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patrick reif

Recycling A Kayak?

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I have kayak that I've punched an irreparable hole in.  I have welded it repeatedly, but it always fills with water before the end of my float.

 

I just bought another kayak, and want to get rid of the busted boat.

 

I'm going to check with the local recycling centers, but I'm certain that I'm SOL with those guys.  I may try the Winston-Salem recycling center as it's much bigger than my county's, but being a non-resident of Forsyth county, I may have to pay a fee in order to use their facility...if they'll take it at all.  I'm not paying a fee to do the right thing for the environment.

 

Any suggestions?

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Patrick, It may be a little bit of trouble or more time consuming than anything, But why not cut up into smaller pieces and then take it to the recycling center. I did this one time with a 14ft. fiberglass boat. I cut it up with a reciprocating saw and it fit neatly on the back of my truck. The guys at the recycling center had no idea it was a boat. They actually helped me unload it.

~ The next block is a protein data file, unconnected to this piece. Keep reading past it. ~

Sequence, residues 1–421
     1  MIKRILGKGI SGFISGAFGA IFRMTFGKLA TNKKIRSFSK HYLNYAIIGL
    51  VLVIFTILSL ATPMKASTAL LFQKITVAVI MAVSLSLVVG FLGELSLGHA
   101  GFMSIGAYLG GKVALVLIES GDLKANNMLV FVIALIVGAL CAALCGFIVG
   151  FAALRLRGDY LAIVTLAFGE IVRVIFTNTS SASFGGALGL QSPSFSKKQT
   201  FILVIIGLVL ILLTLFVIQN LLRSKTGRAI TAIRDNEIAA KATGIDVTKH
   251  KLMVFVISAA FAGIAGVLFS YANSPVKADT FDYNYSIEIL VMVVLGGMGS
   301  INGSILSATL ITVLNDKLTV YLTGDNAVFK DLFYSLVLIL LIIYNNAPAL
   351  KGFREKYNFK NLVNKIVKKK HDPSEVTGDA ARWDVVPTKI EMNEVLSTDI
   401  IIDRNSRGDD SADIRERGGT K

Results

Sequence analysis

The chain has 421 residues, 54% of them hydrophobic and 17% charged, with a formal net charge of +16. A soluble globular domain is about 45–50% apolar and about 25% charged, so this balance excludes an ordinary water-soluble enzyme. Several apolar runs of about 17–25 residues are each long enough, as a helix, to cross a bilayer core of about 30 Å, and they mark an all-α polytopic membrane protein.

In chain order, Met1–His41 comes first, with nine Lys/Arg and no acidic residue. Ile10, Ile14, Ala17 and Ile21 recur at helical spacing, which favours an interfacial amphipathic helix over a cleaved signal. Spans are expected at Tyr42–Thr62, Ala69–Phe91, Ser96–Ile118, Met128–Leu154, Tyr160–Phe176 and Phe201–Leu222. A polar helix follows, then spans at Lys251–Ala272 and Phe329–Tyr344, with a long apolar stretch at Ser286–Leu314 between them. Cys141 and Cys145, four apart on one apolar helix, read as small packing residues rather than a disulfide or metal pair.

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Do you know what kind of plastic the yak is made of? If its ABS you may be able to make a formed patch with a solvent glue. Not your 'A' yak, but certainly good enough if you want to take a buddy with you to a small pond outing if he'll wear his life jacket like he should. If its one of the harder to glue plastics there are ways to make a sealed mechanical patch if you can get to both sides.

Edited by Bob La Londe

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put some cinder blocks or bricks in it and sink it on your favorite lake..  come back next year and catch fish off it..

 

This sounds OK on the surface, but it's actually illegal to do this in most states.

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Some auto body shops have plastic welders for repairing plastic parts on bumpers, fenders and grills etc. I remember there being about half a dozen different type of plastics that you had to have plastic rods to match each type of plastic. Kind of like melting your rubber baits back together after they get chewed up. Musky Glenn

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If HDPE then there is no current solvent glue that will make the repair.  They can be patched using hot air welding.  In fact that is the way the seams (if any) were joined to begin with.   Also, a mechanical repair (as I originally suggested) will also work.  A patch, marine sealant, and lots of closed end rivets with backing washers.     Not pretty, but it will hold out water.  

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It would cut up easy with a grinder and a cutting wheel.

Then put in trash bags and put it out a bit at a time with your trash.

Not hard at all.

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